As I was scratching out this new technology, a wonderful new teacher cut me off and afforded an opportunity to test my new theory. Five more times over the ensuing two-hour drive, more teachers.
By the time I arrived home, I was in a very different emotional state than I had been previously. It worked! For the next week, I kept doing it. Ben Franklin was right. Now the real test, SIMPLE for a lifetime.
There is an ancient Chinese lesson about a master and his pupil:
"The student showed up at the master's house and was invited to sit and enjoy some tea. As the master was pouring the student noticed a large stick in the other hand of the master. 'What is the stick for?' the student asked. 'This is your lesson for today. If you pick up the cup of tea I will hit you with the stick. If you don't pick up the tea, I will hit you with the stick.' The student thought for a minute, silently arose, smiled at the master and walked out of the room without touching the tea. The master smiled. Message delivered, message received. Lesson learned."
Many times in difficult situations we feel like the student, caught in a double bind. There is always a solution if we take some time to think, smile and act in less obvious ways.
Many scientists now believe that if you "act as if, the feelings will follow." A conscious change in behavior will change how you feel.
Here is a list of alternative positive behavior you can choose to engage in when you feel annoyed. All of them have a positive effect on our soul:
- Breath deeply;
- Count backward from 100;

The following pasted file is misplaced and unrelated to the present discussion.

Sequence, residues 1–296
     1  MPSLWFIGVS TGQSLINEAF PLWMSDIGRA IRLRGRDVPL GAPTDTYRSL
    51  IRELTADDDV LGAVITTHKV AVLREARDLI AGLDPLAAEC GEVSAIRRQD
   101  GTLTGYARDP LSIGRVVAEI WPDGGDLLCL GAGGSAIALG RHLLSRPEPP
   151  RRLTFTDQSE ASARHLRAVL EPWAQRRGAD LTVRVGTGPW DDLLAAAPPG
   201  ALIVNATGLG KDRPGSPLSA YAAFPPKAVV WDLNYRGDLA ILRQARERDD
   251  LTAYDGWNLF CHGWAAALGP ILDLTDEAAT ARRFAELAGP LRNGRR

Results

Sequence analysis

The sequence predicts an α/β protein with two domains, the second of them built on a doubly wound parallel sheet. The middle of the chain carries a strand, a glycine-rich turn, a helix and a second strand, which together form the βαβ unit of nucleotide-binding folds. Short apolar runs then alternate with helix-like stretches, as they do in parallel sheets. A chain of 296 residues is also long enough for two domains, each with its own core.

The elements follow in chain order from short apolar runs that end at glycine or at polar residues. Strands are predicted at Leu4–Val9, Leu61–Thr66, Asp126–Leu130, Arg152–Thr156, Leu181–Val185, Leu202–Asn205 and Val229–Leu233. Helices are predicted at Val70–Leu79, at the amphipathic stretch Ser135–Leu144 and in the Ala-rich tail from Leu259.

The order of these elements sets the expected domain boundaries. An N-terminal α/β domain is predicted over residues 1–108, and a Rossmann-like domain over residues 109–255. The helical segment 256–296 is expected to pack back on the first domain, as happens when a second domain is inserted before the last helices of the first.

- Take a time out (walk away, pull over, disengage);
- Listen to calming music;
- Call a friend;
- Write in your journal;
- Go help someone less fortunate than you;
- Forgive and forget;
- Pray for that person;
- Take a seminar;
- Read a book;
- Go for a swim;
- Play with your dog or cat;
- Water the plants;
- Go for a long walk.
One friend of mine asks a very simple question, "How important is this really?" It's a great question. I also like, "Would I rather be right or happy?" It really comes down to that.
Each of us needs to find something that works for us. I don't know what works for you. I now believe the key lies in simplicity because most solutions are simple.
Jim Rohn was right, "I can't change my destination overnight, but I can change my direction."
I can't wait to be dragged up to Birch Bay again. Say, maybe I'll buy some property. Wait a minute; I wonder if there are any Canadian Honkers, Yackers, Shoulders or Flakes up there?
Mark Matteson is an industry consultant, speaker and writer. He can be reached by phone at 877/ 672- 2001, e- mail at [email protected] msn. com or fax at 425/745-8981. His Website is www.mattesonavenue.com